Riders who compete at an E-mountain bike event organised by the International Motorcycling Federation (FIM) in June have been threatened with sanctions by the International Cycling Union (UCI).
The row between the two bodies regarding the governance and ownership of the discipline has emerged after the FIM last month announced it would stage an E-Bike Enduro World Cup from June 1 to 2 in France.
The UCI has warned athletes who take part in the FIM-sanctioned event risk being subjected to disciplinary measures, which may include a suspension.
Cycling's worldwide governing body added any E-mountain bike competitions "registered on the FIM calendar or those of its Member Federations will be considered 'banned events'".
In a statement, the UCI claimed it was "very surprised and disappointed" by the move from the FIM, the governing body for motorcycle racing.
UCI President David Lappartient also insisted the E-mountain bike discipline came under the "exclusive jurisdiction" of the organisation.
The UCI said it had already informed the FIM in September 2017 that it was the only body which had the legitimate right to organise E-mountain bike events.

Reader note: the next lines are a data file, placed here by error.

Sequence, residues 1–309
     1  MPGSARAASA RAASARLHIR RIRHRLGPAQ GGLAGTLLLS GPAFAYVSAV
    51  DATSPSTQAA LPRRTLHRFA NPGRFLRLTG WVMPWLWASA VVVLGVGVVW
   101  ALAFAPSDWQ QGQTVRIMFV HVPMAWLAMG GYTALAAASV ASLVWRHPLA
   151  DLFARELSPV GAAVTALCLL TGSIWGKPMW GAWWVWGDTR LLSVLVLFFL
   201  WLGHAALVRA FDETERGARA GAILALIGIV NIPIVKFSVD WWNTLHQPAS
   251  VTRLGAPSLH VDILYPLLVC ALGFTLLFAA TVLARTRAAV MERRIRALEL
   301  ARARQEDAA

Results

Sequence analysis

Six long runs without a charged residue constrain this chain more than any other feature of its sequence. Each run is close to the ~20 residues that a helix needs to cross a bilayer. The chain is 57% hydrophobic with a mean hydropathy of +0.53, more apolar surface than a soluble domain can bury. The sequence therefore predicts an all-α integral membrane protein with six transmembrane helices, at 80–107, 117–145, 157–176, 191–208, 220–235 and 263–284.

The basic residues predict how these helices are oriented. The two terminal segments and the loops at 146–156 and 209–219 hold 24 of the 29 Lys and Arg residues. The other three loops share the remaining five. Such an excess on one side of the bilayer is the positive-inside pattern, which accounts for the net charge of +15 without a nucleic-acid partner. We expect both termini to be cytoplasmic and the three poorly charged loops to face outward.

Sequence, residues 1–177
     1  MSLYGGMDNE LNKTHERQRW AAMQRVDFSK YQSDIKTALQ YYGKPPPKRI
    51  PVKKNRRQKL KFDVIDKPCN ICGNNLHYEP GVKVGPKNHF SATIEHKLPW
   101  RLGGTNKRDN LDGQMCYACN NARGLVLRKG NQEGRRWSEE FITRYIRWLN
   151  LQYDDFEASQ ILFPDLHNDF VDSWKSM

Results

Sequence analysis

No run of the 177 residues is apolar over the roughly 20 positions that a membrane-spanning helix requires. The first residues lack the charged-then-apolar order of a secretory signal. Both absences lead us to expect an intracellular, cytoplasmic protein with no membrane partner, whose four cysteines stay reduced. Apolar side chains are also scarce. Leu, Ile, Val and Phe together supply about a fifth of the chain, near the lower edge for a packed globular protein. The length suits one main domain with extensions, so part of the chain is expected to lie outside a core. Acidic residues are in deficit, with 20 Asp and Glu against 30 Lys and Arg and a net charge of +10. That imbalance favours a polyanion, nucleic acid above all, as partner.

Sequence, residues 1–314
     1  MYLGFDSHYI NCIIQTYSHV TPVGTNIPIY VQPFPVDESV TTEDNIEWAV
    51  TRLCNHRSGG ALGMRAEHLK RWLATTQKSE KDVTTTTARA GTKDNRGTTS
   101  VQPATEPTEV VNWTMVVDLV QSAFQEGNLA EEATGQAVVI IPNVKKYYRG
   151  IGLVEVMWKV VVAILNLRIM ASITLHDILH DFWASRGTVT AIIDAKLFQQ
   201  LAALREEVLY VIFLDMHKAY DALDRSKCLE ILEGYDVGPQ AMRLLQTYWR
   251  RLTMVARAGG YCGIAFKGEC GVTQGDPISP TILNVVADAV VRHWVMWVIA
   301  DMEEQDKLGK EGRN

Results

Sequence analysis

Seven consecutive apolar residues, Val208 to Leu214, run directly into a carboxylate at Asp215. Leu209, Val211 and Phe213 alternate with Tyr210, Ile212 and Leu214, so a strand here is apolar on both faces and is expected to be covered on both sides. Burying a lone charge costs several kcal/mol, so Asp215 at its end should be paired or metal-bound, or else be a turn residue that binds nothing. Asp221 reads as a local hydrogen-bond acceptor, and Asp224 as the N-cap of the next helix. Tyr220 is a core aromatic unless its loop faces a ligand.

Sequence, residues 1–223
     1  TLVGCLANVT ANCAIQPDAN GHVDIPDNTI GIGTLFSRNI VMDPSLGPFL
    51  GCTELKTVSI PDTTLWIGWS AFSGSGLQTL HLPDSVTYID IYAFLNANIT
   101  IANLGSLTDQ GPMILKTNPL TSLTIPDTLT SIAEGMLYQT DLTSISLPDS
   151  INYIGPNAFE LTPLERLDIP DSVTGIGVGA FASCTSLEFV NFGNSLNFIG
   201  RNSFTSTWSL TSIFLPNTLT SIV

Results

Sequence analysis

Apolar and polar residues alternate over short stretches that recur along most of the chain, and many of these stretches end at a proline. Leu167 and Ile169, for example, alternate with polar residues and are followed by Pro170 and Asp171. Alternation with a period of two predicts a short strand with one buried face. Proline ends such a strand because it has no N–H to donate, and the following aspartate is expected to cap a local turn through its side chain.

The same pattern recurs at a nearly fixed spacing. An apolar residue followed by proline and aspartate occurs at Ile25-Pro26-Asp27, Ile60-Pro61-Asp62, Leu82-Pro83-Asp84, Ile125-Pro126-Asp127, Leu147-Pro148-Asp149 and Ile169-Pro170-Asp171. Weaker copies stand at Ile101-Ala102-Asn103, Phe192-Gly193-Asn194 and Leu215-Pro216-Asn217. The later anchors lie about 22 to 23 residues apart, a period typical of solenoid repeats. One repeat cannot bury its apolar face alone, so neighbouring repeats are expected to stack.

E-mountain bike became part of the UCI's regulations on January 1, the organisation said.
In February, the UCI Management Committee announced its inaugural E‐Mountain Bike World Championships would be held during the UCI Mountain Bike World Championships in Mont‐Sainte‐Anne, Canada, on August 28 this year.
"Events, several of them grouped under the WES E-Bike Series, have been registered on the 2019 UCI Mountain Bike international calendar, and a UCI World Cup and Continental Championships will be organised from 2020," the UCI added.
The disagreement is likely to continue, however, after FIM President Jorge Viegas declared the organisation would hold another E-mountain bike event later in the year when it announced details of the World Cup in France.
The row between the UCI and the FIM marks the latest involving two sports bodies who both lay claim to ownership of a particular discipline.
The International Surfing Association and International Canoe Federation are locked in a bitter dispute over the governance of stand-up paddleboarding, which will be settled at the Court of Arbitration for Sport.
Skateboarding was also in the middle of a governance row after it was granted a place at the Tokyo 2020 Olympic Games, while the International Gymnastics Federation has been accused of stealing ownership of parkour.